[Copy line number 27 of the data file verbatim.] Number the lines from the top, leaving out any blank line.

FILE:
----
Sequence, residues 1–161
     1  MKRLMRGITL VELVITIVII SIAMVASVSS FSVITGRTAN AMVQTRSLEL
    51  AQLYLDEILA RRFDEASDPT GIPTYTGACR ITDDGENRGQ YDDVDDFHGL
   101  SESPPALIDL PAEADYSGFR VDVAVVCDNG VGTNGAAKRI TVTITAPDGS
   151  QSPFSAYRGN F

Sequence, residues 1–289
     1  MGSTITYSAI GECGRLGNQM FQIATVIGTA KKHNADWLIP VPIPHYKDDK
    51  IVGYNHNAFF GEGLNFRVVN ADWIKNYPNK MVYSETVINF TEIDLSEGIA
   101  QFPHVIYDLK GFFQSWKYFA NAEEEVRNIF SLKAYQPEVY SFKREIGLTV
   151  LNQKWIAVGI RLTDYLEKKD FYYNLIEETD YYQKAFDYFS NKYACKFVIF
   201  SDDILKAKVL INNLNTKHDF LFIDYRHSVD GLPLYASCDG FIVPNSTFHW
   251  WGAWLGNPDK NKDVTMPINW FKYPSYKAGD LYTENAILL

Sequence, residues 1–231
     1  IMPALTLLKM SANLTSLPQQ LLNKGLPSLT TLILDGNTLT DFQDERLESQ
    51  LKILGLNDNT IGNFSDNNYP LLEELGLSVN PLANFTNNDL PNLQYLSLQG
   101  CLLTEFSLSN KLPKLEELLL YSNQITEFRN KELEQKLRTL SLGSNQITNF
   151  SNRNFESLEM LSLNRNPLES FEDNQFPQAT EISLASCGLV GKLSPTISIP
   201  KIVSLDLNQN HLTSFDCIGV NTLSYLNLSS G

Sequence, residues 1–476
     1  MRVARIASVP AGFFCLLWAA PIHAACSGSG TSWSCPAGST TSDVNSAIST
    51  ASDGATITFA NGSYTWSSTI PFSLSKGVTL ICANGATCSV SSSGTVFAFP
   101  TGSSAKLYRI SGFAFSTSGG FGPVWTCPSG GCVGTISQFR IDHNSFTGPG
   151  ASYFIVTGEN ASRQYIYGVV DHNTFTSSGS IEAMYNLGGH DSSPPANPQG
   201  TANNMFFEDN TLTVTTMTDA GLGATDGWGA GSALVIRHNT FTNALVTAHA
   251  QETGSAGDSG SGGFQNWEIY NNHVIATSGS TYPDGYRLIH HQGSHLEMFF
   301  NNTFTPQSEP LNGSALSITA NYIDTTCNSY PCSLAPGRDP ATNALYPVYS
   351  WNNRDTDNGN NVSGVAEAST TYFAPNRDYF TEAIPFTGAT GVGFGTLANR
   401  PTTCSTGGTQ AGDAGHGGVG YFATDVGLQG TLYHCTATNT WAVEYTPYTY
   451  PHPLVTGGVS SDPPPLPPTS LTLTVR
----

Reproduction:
   351  WNNRDTDNGN NVSGVAEAST TYFAPNRDYF TEAIPFTGAT GVGFGTLANR